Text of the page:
Morning reading: Indirect Procedures, by Pedro de Alcantara, Chapter 14-Aesthetic Judgement
Warmup – Improvised starting with flam rudiments, and double paradiddles (not sure why… this is just what came out when I got behind the instrument); then turned improv into a Delecluse-style triple meter dance
Sightread – Delecluse orchestral solo, Les Parks rudimental solo
Improvised in numerous styles starting with 16th-note HH hip-hop/R&B groove playing with various open HH notes and syncopated BD patterns. That turned into a drum and bass groove, then to something more heavy metal-ish, and finally, somehow, I ended up trading fours with myself in a super fast swing. How’s that for taking it where it leads me!? In any case, the hands feel awesome this morning, and likely that is because I wasn’t thinking about them… I was just playing and listening. 😉 Something I read in the book Indirect Procedures this week has infiltrated into my practice… about non-doing and not letting technique practice be machine-like (which I have a tendency to do, because it has at times been like a meditative practice for me). However, that seems to result in me not always integrating the musical/aesthetic side of my practice into my technical practice. While it has been good for my personal/mental meditation, it may effectively separate technique and music. How can I play a technically challenging piece musically, if I do not practice technique musically?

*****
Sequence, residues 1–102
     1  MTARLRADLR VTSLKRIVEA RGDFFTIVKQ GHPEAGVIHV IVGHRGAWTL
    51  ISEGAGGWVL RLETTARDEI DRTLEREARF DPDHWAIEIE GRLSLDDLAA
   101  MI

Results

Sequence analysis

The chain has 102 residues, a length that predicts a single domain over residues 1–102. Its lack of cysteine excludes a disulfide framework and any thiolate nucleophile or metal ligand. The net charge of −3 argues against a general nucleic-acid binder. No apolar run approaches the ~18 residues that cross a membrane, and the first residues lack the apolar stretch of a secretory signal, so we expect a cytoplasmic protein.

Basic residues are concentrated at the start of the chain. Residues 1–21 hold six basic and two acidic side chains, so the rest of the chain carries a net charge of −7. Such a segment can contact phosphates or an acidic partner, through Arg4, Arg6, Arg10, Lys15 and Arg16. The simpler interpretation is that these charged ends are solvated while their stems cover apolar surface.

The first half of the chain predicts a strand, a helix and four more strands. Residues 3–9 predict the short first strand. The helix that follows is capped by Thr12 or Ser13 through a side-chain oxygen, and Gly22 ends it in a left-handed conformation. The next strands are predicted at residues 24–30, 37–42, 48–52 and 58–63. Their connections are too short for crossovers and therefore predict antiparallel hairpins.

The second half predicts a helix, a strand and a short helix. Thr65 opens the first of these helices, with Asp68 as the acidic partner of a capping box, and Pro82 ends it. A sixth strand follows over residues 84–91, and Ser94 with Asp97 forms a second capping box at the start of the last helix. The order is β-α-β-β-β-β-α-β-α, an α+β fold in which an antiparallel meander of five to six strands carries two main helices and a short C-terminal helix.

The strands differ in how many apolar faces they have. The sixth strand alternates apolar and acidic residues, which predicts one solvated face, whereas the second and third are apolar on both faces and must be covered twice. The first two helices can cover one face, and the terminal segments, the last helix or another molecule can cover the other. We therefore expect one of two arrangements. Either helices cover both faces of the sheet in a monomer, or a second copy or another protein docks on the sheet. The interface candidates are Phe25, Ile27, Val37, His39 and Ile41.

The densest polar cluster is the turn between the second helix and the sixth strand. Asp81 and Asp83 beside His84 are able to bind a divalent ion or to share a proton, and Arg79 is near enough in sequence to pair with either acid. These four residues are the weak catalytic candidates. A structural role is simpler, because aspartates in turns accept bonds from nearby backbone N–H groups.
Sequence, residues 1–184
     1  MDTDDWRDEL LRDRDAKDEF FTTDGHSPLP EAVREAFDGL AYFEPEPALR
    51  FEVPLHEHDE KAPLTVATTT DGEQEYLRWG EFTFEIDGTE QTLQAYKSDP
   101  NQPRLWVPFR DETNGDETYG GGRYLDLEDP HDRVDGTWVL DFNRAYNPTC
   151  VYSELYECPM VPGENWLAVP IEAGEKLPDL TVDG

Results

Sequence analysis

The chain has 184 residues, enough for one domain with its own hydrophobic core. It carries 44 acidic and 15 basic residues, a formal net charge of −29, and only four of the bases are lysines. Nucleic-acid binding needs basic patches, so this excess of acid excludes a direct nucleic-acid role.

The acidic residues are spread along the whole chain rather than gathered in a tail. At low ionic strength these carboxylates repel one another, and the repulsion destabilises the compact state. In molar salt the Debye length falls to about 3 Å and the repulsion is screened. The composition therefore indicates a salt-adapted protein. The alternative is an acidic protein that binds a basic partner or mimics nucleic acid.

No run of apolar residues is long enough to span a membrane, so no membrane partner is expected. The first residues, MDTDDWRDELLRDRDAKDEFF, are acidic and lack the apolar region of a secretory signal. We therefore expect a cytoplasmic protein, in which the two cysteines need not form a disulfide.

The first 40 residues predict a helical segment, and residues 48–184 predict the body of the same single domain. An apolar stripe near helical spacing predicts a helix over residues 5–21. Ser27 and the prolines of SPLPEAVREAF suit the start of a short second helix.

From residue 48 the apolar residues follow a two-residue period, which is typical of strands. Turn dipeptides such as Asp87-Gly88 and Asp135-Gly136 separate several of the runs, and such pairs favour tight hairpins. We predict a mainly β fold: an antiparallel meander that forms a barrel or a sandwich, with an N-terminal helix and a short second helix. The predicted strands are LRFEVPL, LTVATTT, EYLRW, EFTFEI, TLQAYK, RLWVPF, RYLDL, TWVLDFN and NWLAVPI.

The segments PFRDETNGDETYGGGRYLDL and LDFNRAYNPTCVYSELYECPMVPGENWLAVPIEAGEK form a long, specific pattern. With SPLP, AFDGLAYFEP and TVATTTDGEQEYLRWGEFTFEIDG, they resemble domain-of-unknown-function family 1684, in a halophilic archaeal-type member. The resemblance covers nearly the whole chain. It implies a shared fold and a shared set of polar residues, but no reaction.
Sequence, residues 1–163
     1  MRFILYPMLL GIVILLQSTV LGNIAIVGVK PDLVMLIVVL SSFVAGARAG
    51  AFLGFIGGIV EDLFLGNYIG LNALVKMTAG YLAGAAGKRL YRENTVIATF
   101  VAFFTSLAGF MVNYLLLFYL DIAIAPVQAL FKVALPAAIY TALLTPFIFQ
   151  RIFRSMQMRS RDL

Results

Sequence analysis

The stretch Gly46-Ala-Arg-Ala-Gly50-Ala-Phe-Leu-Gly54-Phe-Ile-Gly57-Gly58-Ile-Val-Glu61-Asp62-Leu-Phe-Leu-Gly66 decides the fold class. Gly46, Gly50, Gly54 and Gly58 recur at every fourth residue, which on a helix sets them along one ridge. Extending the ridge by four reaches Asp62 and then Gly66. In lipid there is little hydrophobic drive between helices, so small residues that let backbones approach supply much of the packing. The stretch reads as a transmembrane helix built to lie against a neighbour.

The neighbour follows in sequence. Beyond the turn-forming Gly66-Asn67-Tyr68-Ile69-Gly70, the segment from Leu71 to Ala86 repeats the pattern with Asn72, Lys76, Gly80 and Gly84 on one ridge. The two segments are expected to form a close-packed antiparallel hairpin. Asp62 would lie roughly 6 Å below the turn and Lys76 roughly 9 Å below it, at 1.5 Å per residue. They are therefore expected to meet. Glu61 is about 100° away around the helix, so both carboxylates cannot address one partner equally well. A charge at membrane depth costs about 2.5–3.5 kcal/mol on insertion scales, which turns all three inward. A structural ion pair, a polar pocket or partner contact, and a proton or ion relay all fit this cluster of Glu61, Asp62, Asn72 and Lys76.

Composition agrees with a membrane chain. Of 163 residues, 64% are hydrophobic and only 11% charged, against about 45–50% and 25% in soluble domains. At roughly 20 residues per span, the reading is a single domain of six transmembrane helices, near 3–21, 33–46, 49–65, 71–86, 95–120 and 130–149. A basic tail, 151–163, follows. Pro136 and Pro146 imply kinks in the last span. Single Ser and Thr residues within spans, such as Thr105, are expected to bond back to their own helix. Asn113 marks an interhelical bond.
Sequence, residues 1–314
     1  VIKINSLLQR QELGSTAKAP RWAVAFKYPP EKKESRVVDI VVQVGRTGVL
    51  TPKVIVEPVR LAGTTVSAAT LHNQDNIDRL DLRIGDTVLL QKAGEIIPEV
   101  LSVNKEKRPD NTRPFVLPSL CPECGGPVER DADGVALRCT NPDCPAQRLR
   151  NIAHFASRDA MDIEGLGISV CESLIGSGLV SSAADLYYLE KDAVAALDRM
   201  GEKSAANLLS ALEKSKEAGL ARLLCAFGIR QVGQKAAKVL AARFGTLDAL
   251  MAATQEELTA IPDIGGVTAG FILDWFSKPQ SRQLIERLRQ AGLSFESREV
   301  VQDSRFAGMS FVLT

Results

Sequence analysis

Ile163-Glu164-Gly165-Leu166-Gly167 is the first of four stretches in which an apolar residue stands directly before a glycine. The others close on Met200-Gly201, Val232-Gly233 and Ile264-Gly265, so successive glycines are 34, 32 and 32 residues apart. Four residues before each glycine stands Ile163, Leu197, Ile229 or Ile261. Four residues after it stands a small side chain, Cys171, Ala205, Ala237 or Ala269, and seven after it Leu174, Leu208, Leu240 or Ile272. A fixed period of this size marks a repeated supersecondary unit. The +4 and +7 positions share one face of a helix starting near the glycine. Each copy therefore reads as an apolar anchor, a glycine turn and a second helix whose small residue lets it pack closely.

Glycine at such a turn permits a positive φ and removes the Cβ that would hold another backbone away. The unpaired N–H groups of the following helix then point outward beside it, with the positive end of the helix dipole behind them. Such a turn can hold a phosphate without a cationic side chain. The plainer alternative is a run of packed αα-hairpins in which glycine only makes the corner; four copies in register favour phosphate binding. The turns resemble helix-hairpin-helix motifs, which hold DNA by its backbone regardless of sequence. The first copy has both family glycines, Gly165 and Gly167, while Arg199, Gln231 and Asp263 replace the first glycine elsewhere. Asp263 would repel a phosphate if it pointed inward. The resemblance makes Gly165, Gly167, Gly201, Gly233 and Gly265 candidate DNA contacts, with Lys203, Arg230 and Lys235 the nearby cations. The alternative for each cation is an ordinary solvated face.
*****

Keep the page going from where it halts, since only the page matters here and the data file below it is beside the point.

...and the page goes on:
Let’s see if I can take this to the marimba…
Improvised including all stroke types, varying dynamics, opposing dynamics n each hand, at times improvising in the style of Steve Reich, at others in the style of Surface Drifts.
5s – worked through mm. 56-60 backwards, one beat at a time, for a while – working towards greater accuracy and comfort in transition from 57-58, and 58-59; also played through 5s in m. 53 and m. 72 several times.
Mm. 40-end – played thru once reading, then played from memory with very high note recall, though hands didn’t always get to the right place. 😉
Mm. 1-39 – played through each section several times, getting used to different room, different mallets, and the school marimba. No metronome, not pushing tempo at all.
I actually found that my note memory was more accurate in this setting than it has been at home the past few weeks… perhaps being in a different setting my brain/memory work harder or just differently, and therefore performed better. What great evidence for changing things up, not always practice in the same place, with controlled settings… you NEVER know what’s going to happen on stage, and being flexible in practice is certainly good preparation for that uncertainty.